At this time of need, an open-source hardware project started by a group, consisting of an Irish entrepreneur Colin Keogh and Breeze Automation CEO and co-founder Gui Calavanti, has come to the rescue. The team has produced a prototype ventilator using 3D-printed parts and readily available, inexpensive materials — renewables like sugar cane or corn starch. The prototyped ventilator was designed and created within a week after the project spun up on Facebook, which attracted over 300 engineers, medical professionals and researchers to join in.
The prototype will now need validation by the Irish Health Services Executive (HSE), for its use in Ireland, which has been surveyed as one of the regions which are relatively well-stocked for ventilator hardware, but it surely can prove a lot of benefits for developing and low-income countries where there are shortages. According to reports, it is estimated up to 960,000 coronavirus patients may need ventilators for life support.
Apart from developing countries, the U.S. is also likely to encounter shortages of ventilator hardware, depending on the progress of coronavirus spread in the country. Recently, the White House enacted the Defense Production Act, which provides broad powers to the President for redirecting materials and private company production capacity to building much-needed supplies and equipment in a time of crisis.
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During the recent White House briefing on the current COVID-19 situation, U.S. VP Mike Pence stated that there are only 10,000 ventilators in the country’s strategic reserve. This number doesn’t take into account the stock of equipment in hospitals or healthcare facilities around the country, and likely to not address the overall needs of medical professionals in case some of the more severe projections about the infection come true. The project could be one way to help address the shortfall, along with commitments by automakers including GM, Ford and Tesla to produce ventilator equipment should the need arise.
The group behind the innovation of the prototyped ventilator, also recently renamed their group as Open Source COVID19 Medical Supplies community, and willing to expand their focus in order to find ways to cheaply and effectively build and validate other needed equipment, including protective gear like masks, sanitiser and protective face guards for front-line healthcare workers.
Accenture, Deloitte and other companies have offered the use of their R&D infrastructure to assist in the ideation and production process, said Keogh. The Open Ventilator Project remains open to interested parties and has a participation request form on its website.
The Ventilator Hackathon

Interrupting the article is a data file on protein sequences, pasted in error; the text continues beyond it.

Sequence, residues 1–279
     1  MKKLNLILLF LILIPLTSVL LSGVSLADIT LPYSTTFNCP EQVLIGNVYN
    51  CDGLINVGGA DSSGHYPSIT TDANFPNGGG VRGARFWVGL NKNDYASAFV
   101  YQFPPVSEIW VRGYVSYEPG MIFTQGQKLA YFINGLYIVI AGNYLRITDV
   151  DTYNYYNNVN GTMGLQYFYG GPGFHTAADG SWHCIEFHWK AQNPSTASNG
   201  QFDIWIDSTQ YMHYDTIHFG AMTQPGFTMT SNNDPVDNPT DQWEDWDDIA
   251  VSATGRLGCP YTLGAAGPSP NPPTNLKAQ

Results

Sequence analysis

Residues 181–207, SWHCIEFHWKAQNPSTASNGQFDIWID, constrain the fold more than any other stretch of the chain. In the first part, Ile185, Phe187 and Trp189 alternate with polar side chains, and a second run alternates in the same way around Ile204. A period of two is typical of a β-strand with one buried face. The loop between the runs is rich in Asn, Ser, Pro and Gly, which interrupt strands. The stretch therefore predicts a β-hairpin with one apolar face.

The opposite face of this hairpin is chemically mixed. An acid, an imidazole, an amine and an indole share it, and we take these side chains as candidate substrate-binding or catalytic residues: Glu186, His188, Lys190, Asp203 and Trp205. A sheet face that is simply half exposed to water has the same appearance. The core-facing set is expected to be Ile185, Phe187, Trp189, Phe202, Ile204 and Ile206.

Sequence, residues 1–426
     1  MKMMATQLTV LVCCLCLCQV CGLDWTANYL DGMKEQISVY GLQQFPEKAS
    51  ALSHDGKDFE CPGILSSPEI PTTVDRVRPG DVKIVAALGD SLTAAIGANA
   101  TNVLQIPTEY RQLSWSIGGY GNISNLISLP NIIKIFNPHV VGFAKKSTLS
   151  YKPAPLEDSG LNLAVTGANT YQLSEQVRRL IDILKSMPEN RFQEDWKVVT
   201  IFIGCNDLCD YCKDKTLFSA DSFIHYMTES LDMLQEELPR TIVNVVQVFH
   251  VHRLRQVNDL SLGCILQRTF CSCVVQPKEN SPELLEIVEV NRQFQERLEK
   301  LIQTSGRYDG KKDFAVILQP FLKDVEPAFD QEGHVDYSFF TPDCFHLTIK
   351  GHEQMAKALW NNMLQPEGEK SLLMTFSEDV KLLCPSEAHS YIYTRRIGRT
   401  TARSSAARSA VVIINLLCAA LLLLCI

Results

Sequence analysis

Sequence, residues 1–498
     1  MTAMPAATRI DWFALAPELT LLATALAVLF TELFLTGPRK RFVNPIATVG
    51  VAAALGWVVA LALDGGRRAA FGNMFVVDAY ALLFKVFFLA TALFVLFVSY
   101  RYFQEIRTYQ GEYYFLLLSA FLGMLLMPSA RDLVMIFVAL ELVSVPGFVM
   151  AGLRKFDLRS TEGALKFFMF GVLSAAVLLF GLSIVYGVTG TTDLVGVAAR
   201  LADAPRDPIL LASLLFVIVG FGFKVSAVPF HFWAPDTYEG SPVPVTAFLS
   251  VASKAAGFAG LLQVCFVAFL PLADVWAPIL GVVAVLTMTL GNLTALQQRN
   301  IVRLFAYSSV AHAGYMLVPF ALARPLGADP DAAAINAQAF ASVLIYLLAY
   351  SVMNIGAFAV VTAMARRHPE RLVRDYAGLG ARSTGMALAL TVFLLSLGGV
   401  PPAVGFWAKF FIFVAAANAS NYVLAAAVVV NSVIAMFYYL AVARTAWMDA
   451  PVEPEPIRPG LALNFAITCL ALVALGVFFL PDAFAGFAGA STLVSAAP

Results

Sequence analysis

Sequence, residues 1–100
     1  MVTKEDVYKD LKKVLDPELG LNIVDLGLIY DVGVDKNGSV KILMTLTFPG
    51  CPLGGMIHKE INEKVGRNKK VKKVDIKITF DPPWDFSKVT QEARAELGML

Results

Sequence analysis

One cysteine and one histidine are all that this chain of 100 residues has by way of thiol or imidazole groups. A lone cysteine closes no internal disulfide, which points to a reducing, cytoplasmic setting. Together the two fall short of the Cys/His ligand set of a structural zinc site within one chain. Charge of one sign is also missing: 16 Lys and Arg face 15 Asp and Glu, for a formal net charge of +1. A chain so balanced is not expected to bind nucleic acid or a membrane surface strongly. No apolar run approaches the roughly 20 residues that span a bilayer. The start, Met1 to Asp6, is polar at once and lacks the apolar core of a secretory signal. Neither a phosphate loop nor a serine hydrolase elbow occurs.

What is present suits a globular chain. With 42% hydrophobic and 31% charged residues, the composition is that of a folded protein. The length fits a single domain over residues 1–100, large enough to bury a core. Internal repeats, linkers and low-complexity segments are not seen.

According to medical experts, the ventilators, which operate by blowing air into a patient’s lungs, are a vital part of treatment for severe cases of Covid-19. In such cases, lung inflammation can develop into viral pneumonia, requiring ventilated breathing support. Consequently, ventilators are becoming short in supply in many parts of the world as physicians are relying on them to help treat patients who’ve contracted the deadly disease.
In the wake of such a situation, another potentially life-saving initiative that has been launched was to seek individuals or corporations to design a ventilator that can eventually be built and used to combat against COVID-19 pandemic. The challenge is a 2-week sprint — Code Life Ventilator Challenge, has been sponsored in collaboration with the Research Institute of the McGill University Health Centre along with the Montreal General Hospital Foundation to collect the best ideas from anywhere in the world to create or design life-saving ventilators.
According to Jean-Guy Gourdeau, CEO of Montreal General Hospital Foundation, a big part of this challenge, with a prize of $200,000, is looking at design solutions that could be shared so that it could be made available to many. Therefore you’re not necessarily limited by current manufacturers.
Additionally, Annie-Claire Fournier, stated, although MUHC currently has 235 ventilators, which is enough to meet existing demand, the researchers behind the initiative want hospitals to be prepared in the event there is a surge in demand as the number of COVID-19 cases increases.
The Code Life Ventilator Challenge, running until the end of March, will have the designs submitted, and out of those top three ventilator models will be selected by the contest organisers at the Montreal General and MUHC. These top three models of ventilators will be available to download for free. Participants are also allowed to submit provisional patents before the announcement of the final design, while also granting the license to local builders to produce the model during the pandemic.
The submissions, in the end, will be judged by a team of expert advisors, including ICU physicians, engineers and others, selected by leading medical staff at the Montreal General Hospital. The top submissions will be tested in the Clinical Innovation Platform at the Montreal General Hospital, and the winning designs will be released as soon as possible.
In fact, prime minister of Canada, Justin Trudeau recently announced that the federal government is trying to mobilise companies to get involved in building healthcare equipment that can help in the fight against the novel coronavirus, including ventilators. And, such an initiative “will help companies that are already making things like masks, ventilators and hand sanitiser to scale up production massively,” said Trudeau.